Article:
You visit the earth and water it, you greatly enrich it; the river of God is full of water; you provide the people with grain, for so you have prepared it.
You water its furrows abundantly, settling its ridges, softening it with showers, and blessing its growth.
You crown the year with your bounty; your wagon tracks overflow with richness.
The pastures of the wilderness overflow, the hills gird themselves with joy, the meadows clothe themselves with flocks, the valleys deck themselves with grain, they shout and sing together for joy.
This is one of the most beautiful passages in the entire psalter. It is a psalm of thanksgiving, a song of praise for God's providence. Verse 9 sets the tone in two parallel sections:
- Generally, the earth benefits from the visitation of God with water.
- Specifically, the people of earth benefit from the river of God.
And this is what draws my attention this morning. The "river of God" mentioned in verse 9 is barely a river at all, but is in Hebrew פֶּלֶג אֱלֹהִים—more like "the rivulet of God" or God's brook. In this part of the country, we might be tempted to think of the mighty Tennessee River as the river of God, based on nothing more than its size. In my hometown in Kentucky, of course, the mighty river is the Ohio. But apparently God needs nothing so grand to bless the earth. A stream will do, merrily making its way through a land that was once parched, but is now filled with wildflowers and crops, where animals graze happily, and where humans can find pleasure—all because God has come in something small and cheerful. So what better than a babbling brook to remind me that when God was incarnate on earth, the divine Presence arrived as a tiny Baby, born in a stable, and placed in a manger to sleep.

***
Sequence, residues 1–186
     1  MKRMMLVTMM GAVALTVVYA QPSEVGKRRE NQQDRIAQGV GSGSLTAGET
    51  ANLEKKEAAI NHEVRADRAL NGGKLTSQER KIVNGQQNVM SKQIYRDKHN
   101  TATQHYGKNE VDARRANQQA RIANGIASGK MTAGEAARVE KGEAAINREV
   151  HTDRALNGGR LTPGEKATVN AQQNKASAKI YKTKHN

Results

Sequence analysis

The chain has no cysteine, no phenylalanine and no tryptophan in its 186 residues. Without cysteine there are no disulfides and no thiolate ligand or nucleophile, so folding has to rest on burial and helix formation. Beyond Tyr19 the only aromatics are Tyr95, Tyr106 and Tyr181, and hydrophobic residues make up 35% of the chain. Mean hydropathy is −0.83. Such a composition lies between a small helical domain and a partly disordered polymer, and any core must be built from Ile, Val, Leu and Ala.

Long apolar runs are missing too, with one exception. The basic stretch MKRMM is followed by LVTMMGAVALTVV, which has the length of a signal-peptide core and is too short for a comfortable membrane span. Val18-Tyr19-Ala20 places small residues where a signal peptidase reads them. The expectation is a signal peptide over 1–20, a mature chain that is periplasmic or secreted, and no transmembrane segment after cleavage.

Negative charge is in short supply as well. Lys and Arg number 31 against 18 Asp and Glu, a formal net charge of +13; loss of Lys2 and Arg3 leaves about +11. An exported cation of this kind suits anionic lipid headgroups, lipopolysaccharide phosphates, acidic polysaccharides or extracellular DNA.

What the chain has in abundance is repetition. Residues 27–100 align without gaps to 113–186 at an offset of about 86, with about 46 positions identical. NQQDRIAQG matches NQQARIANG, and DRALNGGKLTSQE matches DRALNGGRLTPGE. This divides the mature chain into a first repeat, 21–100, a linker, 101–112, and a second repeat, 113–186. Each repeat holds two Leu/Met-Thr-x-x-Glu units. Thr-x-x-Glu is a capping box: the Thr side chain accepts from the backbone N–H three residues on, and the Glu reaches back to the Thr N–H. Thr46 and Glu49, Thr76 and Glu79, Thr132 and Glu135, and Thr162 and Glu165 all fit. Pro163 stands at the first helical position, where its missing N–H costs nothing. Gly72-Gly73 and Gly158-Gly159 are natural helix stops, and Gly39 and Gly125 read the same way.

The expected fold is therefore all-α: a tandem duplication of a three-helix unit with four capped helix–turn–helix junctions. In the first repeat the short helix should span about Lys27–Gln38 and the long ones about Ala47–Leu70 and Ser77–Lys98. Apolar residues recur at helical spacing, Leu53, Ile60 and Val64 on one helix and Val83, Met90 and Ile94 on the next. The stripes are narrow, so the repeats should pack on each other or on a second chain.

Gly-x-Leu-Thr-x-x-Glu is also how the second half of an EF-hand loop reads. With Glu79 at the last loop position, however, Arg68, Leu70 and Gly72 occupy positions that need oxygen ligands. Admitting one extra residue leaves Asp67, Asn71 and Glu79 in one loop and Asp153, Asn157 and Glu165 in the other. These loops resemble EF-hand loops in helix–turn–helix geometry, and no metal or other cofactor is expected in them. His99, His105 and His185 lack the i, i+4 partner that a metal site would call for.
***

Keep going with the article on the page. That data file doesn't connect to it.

May my reading of this passage today help me to look for God in the small things, confident that a little of what God blesses us with will go a long way.
Let me praise you for the phenomenal signs of your presence this day, O God. But let me not neglect to look for you in the little things. Help me therein to trace your mercy, your grace, and your providence from the minutest detail, to that which gives my life true meaning. And in my gratitude for what you have done and what you are doing, help me to share your blessings with others. Amen.